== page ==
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The Mystery Of The Peonies

Welcome to My Green Vermont - A Blog by Eulalia Benejam Cobb.
By Eulalia Benejam Cobb

When we moved to our house eight years ago, I found several peony bushes planted by the shady west wall.  They bloomed abundantly in the spring, but their huge pink flowers had no smell:

I couldn\’t believe that someone would plant scent-free peonies, but took consolation in the fact that they were also ant-free.

A few years later I made a flower bed by the stone wall in front of the house, and needed big plants that would look good all season long, even when they weren\’t blooming.  I like the looks of a peony bush, flowers or no flowers, so I walked around to the shady spot where the pink peonies lived and transplanted six or seven of them to the new bed.

The bushes rooted well, died down to the ground in the winter, and sprang to life the next spring.  Soon they were covered in buds, but when the flowers opened one sunny morning, they were almost pure white…and they gave off clouds of that unmistakable, that divine, peony smell.

Every year since then the peonies have put on their show:  pink and unscented and ant-free on the shady west side, white and perfumed and beloved of ants in the sunny spot.

How can this be?  I can imagine that a change in soil composition might cause the change in color, as hydrangea aficionados know.  And perhaps the sun exposure has something to do with it.  But the truly miraculous part, the scent that would cause me to plant peonies even if they looked like crab grass, remains a mystery.

If any of you botanists, peony-loving gardeners, or lyric poets out there have a theory, I\’d like to hear from you.

12 Responses

  1. It seems your peonies have mutated themselves and what they have lost in color, they have gained in scent. Nature takes and gives in return according to her fancy. It is not for us to question why. I am jealous of what you've got and would give a lot to have it.

  2. Transplant two to a different location and see what happens. It's hard to transplant Peonies so congratulations on success. They are such lucious blooms!

  3. My guess, Eulalia (& with a name like that, aren't you supposed to live in Virginia or Alabama?), is that these are not the same peonies–that what you dug up were roots/tubers from peonies that were no longer blooming because they'd been planted too deep or weren't getting enough of something, especially sunlight. Peonies wouldn't change, at least not significantly, i.e., color & scent, with a change in nutrients (as hydrangeas do). By the way, that rosy peony scent is great, but things could be worse than the scentlessness of your pink ones. One of my coral peonies (and I don't know if it's Hawaiian Coral, Coral Sunset, or some other whose name I've forgotten) smells FETID, which came as a rude surprise when I buried my nose in a flower for the first (and last) time.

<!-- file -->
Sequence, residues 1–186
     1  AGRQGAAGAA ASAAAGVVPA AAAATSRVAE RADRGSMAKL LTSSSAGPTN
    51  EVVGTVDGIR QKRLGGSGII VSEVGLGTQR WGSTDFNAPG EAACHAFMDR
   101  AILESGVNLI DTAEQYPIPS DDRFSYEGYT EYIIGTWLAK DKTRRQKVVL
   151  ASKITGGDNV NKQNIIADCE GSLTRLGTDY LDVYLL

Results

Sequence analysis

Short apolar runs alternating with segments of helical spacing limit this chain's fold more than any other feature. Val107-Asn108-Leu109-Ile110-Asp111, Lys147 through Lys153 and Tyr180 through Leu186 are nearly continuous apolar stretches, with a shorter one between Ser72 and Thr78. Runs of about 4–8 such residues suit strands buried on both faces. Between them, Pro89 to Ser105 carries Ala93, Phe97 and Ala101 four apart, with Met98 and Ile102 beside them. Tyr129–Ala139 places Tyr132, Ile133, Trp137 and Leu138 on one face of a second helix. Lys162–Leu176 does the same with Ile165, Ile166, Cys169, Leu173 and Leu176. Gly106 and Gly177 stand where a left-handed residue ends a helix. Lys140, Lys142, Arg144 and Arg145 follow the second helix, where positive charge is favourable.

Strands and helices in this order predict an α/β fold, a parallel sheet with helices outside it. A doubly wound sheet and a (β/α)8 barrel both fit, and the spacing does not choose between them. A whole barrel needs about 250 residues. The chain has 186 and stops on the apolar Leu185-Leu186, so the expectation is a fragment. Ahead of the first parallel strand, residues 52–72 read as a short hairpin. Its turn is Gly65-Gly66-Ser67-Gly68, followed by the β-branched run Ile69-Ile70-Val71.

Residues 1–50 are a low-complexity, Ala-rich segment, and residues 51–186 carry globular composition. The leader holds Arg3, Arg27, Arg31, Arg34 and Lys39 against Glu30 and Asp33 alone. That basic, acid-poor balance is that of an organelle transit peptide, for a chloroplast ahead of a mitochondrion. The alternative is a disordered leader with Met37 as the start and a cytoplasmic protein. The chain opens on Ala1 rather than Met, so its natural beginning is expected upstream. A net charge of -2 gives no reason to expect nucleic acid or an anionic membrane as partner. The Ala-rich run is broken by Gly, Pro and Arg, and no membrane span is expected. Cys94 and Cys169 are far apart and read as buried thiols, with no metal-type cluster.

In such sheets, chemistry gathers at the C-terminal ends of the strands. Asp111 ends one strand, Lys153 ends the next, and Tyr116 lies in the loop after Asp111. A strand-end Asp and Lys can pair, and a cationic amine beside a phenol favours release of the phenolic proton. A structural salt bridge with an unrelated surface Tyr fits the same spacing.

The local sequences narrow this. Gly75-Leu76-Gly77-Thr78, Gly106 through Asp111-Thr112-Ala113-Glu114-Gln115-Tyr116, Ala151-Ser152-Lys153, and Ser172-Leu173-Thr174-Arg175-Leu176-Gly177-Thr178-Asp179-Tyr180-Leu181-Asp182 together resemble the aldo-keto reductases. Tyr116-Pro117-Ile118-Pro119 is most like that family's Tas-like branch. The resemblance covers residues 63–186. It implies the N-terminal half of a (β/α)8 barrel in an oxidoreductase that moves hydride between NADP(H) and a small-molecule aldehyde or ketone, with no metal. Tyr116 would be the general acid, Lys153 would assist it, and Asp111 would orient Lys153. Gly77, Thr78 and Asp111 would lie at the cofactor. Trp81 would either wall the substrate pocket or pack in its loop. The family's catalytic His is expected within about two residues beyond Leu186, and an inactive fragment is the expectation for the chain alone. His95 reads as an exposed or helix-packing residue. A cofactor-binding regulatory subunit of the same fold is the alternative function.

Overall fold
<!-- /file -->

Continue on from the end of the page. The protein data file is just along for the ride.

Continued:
4. Hi Ellen, you sound knowledgeable about peonies, so I'll take your word for it that I dug up a different kind of peony altogether…and be grateful they weren't the fetid-smelling ones.As for my name, I am originally from Barcelona, and was named after the patron saint of the city. In my case, Eulalia is just a down-home Catalan name.

  5. Love that painting–the calm expressions on Sant Jordi and the maiden, though the horse and the dragon do look alarmed. And Orwell's \”Homage To Catalonia\” is indeed wonderful. I remember my parents, who survived the Spanish Civil War, saying that it was the only book written by a foreigner that really told the truth….

  6. or it could be as simple as copper pipes. My mom had hydrangeas near the kitchen that were a beautiful blue. She replanted some and they grew in pink. Turns out the blue was caused by the copper leaching from the kitchen pipes.

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